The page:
From construction projects to busy roads, planes and railways, human noise is everywhere. It is an invisible cause of stress and poses a serious risk to human health and well-being. However, noise is also harmful to animals that live in close contact with people, in homes, farms and zoos.
Noise is a distracting, scary or physically painful sound. The effects of sound on people range from mild irritation to learning and memory problems, permanent hearing damage and heart disease.
Abnormally loud noise, such as at music concerts or construction sites, is controlled to protect human hearing. But noise is not regulated for other animals.
In our recent article, we found that there is a need for greater awareness and understanding of how noise harms domestic, farm and working, and zoo animals.
Research tends to measure how loud a sound is in decibels (dB). Decibels are easy to measure with a handheld device and form the basis of human health guidelines. But the type of sound source, frequency (pitch), speed and duration can also influence how sound is experienced by a listener.
Great apes have similar hearing abilities to humans, but the rest of the animal kingdom perceives sound very differently. Hearing ranges from very high frequency echolocation (>20,000 Hz) in bats and dolphins to very low frequency infrasound (<20 Hz) in elephants. The human hearing range is exactly between ultrasonic and infrasound.
Some invertebrates, such as hunting spiders, detect vibration sound with their tiny leg hairs. It’s hard to say how sensitive an animal is to sound, but the important thing is whether the sound in their environment is within their hearing range, not whether the animal has a high or low frequency.
What do we know?
Due to a lack of research, we don’t know much about exactly how sound affects animals, but here’s what we’ve learned so far.
Loud noise can permanently damage the hearing of laboratory rodents. We can assume that this exposure is painful because rats exposed to loud noise behave differently with and without pain medication. Findings in rodent laboratory research can be generalized to other mammals, but there are known differences in hearing ability in different animals.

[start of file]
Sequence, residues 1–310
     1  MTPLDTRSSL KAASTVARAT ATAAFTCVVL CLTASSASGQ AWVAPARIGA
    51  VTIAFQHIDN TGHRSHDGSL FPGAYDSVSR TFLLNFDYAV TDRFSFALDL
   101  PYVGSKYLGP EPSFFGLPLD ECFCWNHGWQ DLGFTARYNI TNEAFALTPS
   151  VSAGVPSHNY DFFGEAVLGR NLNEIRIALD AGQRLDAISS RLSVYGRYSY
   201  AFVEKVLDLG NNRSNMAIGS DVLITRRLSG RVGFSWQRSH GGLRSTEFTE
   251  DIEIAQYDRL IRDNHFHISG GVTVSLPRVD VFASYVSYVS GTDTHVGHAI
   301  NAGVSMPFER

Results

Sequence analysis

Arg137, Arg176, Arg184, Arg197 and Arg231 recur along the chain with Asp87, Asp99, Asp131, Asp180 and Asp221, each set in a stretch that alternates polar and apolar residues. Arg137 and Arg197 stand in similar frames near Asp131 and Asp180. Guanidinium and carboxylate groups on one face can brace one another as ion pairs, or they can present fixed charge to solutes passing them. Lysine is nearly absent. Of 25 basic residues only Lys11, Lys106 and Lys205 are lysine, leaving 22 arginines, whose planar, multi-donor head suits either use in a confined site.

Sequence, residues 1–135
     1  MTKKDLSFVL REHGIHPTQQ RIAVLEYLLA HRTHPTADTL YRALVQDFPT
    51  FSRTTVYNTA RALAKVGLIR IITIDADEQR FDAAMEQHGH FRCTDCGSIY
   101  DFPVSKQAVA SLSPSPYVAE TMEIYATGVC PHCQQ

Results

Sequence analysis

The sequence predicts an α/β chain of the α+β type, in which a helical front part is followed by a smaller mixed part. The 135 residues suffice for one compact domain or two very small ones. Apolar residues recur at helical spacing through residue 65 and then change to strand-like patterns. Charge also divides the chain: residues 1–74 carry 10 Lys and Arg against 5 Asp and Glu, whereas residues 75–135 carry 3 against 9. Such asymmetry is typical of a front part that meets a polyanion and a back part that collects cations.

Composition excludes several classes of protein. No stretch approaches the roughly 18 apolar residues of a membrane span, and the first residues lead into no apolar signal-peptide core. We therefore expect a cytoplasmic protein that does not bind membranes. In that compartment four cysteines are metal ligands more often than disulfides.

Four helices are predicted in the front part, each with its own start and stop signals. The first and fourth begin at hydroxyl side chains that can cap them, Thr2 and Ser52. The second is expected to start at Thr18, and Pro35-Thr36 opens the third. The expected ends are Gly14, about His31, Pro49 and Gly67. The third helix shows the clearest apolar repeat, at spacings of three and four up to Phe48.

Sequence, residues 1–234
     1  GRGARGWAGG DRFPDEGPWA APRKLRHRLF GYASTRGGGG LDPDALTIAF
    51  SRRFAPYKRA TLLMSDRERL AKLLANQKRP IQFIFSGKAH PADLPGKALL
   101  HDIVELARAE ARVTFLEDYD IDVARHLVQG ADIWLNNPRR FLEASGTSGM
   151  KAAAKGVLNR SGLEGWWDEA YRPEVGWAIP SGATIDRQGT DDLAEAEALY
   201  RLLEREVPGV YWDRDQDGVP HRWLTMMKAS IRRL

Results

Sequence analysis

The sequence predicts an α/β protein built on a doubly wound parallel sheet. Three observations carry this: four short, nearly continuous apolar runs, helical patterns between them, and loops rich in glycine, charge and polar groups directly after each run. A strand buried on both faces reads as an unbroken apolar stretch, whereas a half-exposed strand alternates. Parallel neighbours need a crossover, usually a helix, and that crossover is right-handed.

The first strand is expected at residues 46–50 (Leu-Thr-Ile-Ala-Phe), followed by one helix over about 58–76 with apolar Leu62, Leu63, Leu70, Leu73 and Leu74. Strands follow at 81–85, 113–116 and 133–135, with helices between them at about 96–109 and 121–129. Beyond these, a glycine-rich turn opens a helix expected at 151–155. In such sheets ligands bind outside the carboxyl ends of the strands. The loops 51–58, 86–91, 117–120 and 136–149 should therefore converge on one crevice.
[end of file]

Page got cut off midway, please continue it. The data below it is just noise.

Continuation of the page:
Wild animals suffer from chronic stress, fertility problems and change their migratory routes in response to noise. Confined animals are often exposed to high levels of human-generated noise from which they cannot escape.
Research shows that noise causes trapped animals pain, anxiety and cognitive problems. In fish, for example, vibrations from extreme sound can damage the swim bladder, which in turn affects their hearing and buoyancy. Pain and anxiety are strong indicators of poor well-being.
Inaudible sounds (vibrations) can also hurt animals by physically shaking their internal body parts. Farm animals experience high levels of vibration during transport. Our research group at Anglia Ruskin University is investigating whether vibrations from construction work affect zoo primates.
One noisy event, such as a local music festival or extreme weather, can cause long-lasting fear in animals. The link between noise and fear has been well researched in dogs using recordings of thunderstorms.
This kind of sound sensitivity, which affects up to 50% of dogs, is caused by unexpected sounds. It causes animals to hide or seek human comfort. Farmed chickens exposed to vehicle noise and even music also freeze with fear.
Primates, birds and frogs can adapt to noisy environments in the short term by vocalizing louder, similar to raising our voices at noisy parties. But the long-term consequences of animals having to change their communication methods have not been studied.
Prolonged exposure to loud noise reduces learning and memory ability in laboratory mice. The link between cognition and anxiety in humans is complex, but in general, high levels of anxiety impair our ability to perform challenging tasks.
This could be similar in other mammals, but there isn’t enough research to be sure. Studying noise in zoos is difficult because it is difficult to control other factors, such as the weather and the presence of visitors.
How to help
If your pet is stressed by noise, there are several treatments available to calm or distract him, including synthetic pheromones and enrichment toys. But prevention is better than cure.
When caring for confined animals, pay close attention to human activities that produce sound (such as cleaning and gardening) and how the environment may reflect sound waves. Sound waves can be blocked and bounce off materials such as concrete, metal and glass, making the sound worse.
You can protect your pets during noisy events, such as thunderstorms and fireworks, by providing extra spaces to escape noise. Some soft furnishings such as pillows or blankets in a den help absorb sounds. A pile of blankets to crawl under, even without a den, will help block out the noise.
Better regulation is needed to protect animals from construction work and noisy events. Animals have no say in which construction projects or music concerts go ahead, but they can suffer the consequences.